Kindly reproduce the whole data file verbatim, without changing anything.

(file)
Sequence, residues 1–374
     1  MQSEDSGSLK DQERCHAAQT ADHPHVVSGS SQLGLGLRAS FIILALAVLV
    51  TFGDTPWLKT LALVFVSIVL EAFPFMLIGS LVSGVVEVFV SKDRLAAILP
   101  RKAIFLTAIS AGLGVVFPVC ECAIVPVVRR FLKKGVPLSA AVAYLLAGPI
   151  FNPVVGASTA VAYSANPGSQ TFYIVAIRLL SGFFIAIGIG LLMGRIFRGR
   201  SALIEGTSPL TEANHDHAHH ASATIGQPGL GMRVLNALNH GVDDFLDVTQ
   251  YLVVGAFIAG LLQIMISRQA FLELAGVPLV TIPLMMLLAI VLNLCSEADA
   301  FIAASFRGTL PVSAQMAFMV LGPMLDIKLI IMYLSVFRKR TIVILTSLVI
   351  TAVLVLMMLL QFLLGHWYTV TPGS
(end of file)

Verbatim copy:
Sequence, residues 1–374
     1  MQSEDSGSLK DQERCHAAQT ADHPHVVSGS SQLGLGLRAS FIILALAVLV
    51  TFGDTPWLKT LALVFVSIVL EAFPFMLIGS LVSGVVEVFV SKDRLAAILP
   101  RKAIFLTAIS AGLGVVFPVC ECAIVPVVRR FLKKGVPLSA AVAYLLAGPI
   151  FNPVVGASTA VAYSANPGSQ TFYIVAIRLL SGFFIAIGIG LLMGRIFRGR
   201  SALIEGTSPL TEANHDHAHH ASATIGQPGL GMRVLNALNH GVDDFLDVTQ
   251  YLVVGAFIAG LLQIMISRQA FLELAGVPLV TIPLMMLLAI VLNLCSEADA
   301  FIAASFRGTL PVSAQMAFMV LGPMLDIKLI IMYLSVFRKR TIVILTSLVI
   351  TAVLVLMMLL QFLLGHWYTV TPGS